I have focused on three small projects over the summer, whilst we wait to see what the garden will reveal to us. They each remain works in progress and have met with varying degrees of success. This is the most successful of the three – the eastern garden.
It’s hard to remember that when we arrived, we were greeted by towering skeletal shrubs with only the top third of each having any suggestion of last year’s leafy growth. A hard pruning session followed and by early summer we had bright new growth at a reasonable height.
Bernie thinks we should take down the cornus and buddleia even further this year but I’m not convinced. I am very aware that this part of the garden needs to be on a scale that works from the first floor – where the living rooms are – as well as from the garden itself. Since it will almost certainly be me wielding the loppers, I think I’ll pretty much repeat what I did last time, though I’ll work more on the cornus to encourage more red shoots for the winter months. There’s still work needed along this bank. The berberis is huge and we still have a dead conifer to remove.
We have plenty more plans for the lower bank though – which borders the drive. B wants to add more wild flowers in readiness for next summer and plans to sow seeds. I’m going to plant bulbs for naturalizing for the spring, and also add a few cranesbills in softest blue, which I admired in the Cornish section at the Eden Project. They looked beautiful through the soft long grasses, and will also work with B’s hoped-for red poppies.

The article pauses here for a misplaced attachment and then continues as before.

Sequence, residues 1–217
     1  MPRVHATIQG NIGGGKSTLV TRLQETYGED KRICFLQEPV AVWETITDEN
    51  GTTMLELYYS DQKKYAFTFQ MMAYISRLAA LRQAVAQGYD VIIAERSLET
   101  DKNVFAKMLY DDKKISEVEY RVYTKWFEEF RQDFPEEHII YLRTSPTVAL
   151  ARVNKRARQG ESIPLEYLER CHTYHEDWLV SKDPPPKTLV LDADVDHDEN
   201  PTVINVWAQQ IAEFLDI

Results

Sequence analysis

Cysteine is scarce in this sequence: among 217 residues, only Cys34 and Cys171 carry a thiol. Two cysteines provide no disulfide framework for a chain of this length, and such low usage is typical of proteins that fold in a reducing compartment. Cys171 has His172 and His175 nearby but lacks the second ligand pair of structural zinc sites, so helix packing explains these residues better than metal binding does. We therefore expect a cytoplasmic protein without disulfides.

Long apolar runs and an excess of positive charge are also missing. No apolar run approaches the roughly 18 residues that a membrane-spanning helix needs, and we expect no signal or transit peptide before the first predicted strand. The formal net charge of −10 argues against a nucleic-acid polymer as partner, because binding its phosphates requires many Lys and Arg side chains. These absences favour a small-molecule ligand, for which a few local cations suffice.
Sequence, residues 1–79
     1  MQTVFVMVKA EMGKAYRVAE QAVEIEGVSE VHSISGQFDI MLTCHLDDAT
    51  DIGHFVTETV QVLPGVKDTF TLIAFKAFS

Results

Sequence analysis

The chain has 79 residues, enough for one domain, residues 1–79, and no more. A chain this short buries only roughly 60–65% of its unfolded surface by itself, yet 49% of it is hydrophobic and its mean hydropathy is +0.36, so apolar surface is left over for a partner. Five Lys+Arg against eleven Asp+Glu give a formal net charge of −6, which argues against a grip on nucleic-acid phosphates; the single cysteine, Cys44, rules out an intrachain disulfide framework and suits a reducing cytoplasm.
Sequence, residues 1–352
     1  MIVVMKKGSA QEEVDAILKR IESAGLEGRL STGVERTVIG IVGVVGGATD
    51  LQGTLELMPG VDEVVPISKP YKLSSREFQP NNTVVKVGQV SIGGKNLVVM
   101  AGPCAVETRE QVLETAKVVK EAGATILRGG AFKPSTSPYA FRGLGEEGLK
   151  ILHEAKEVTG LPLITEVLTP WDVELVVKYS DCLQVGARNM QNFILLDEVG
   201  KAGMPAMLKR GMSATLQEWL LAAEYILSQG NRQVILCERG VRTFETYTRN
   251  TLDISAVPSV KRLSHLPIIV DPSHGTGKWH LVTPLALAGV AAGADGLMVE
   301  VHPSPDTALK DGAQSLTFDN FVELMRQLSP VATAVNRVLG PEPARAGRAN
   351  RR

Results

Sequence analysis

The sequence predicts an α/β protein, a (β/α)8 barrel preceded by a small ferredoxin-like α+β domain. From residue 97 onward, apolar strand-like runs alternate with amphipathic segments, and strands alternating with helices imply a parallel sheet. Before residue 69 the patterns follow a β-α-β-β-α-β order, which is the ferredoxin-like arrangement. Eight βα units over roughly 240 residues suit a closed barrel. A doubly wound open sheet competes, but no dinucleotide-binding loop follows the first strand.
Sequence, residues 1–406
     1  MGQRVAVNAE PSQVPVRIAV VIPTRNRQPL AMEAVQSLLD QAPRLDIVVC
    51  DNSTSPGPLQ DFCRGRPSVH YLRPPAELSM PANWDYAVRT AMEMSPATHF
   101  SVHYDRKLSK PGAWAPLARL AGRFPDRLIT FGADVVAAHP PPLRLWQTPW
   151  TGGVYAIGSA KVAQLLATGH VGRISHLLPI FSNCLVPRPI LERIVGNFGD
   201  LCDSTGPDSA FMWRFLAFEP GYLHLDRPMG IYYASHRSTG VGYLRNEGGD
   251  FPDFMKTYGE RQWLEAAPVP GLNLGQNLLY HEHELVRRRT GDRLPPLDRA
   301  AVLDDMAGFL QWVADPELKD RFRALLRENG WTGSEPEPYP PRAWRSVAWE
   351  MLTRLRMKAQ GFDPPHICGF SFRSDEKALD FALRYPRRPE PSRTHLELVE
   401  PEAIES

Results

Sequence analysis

I’m finally – finally – planting out the cowslips along this upper bank. Poor things, they’ve been waiting their turn since being potted up as tiny plugs in April. The plants are still small, and have died back a bit from what’s in the photograph but the root systems are strong and I’m hopeful of delightful nodding yellow heads next year.
The cowslips will be in flower before the massive shrubs get underway so I’m planting this batch under their feet. I have a few bluebells that came with me too. I think I may put them here as well.
The buddleia has been slow to come into flower compared with others in the area, but I remain convinced that we live in a microclimate – growth delayed by our openness to the cold north winds.
However, since it got into its stride it has been beautiful. It is white and I love it! Every time I go close to it the long white spumes are adorned by red admirals. I’ve tried and failed so far to get a photo: the butterflies won’t oblige me. But the colour combination is gorgeous: the creamy white contrasting with the startling red of the butterfly wings.
I am strongly tempted to add a white rambling rose along this stretch. I’ve always hankered after the rose in one of my favourite paintings. Perhaps it could grow through the berberis…
I’m also very pleased with the instant flower bed I created in a hollow on this lawn. Here’s how it looked when I first planted it with hellebores – in readiness for the dark winter months when the nights finally begin to shorten again.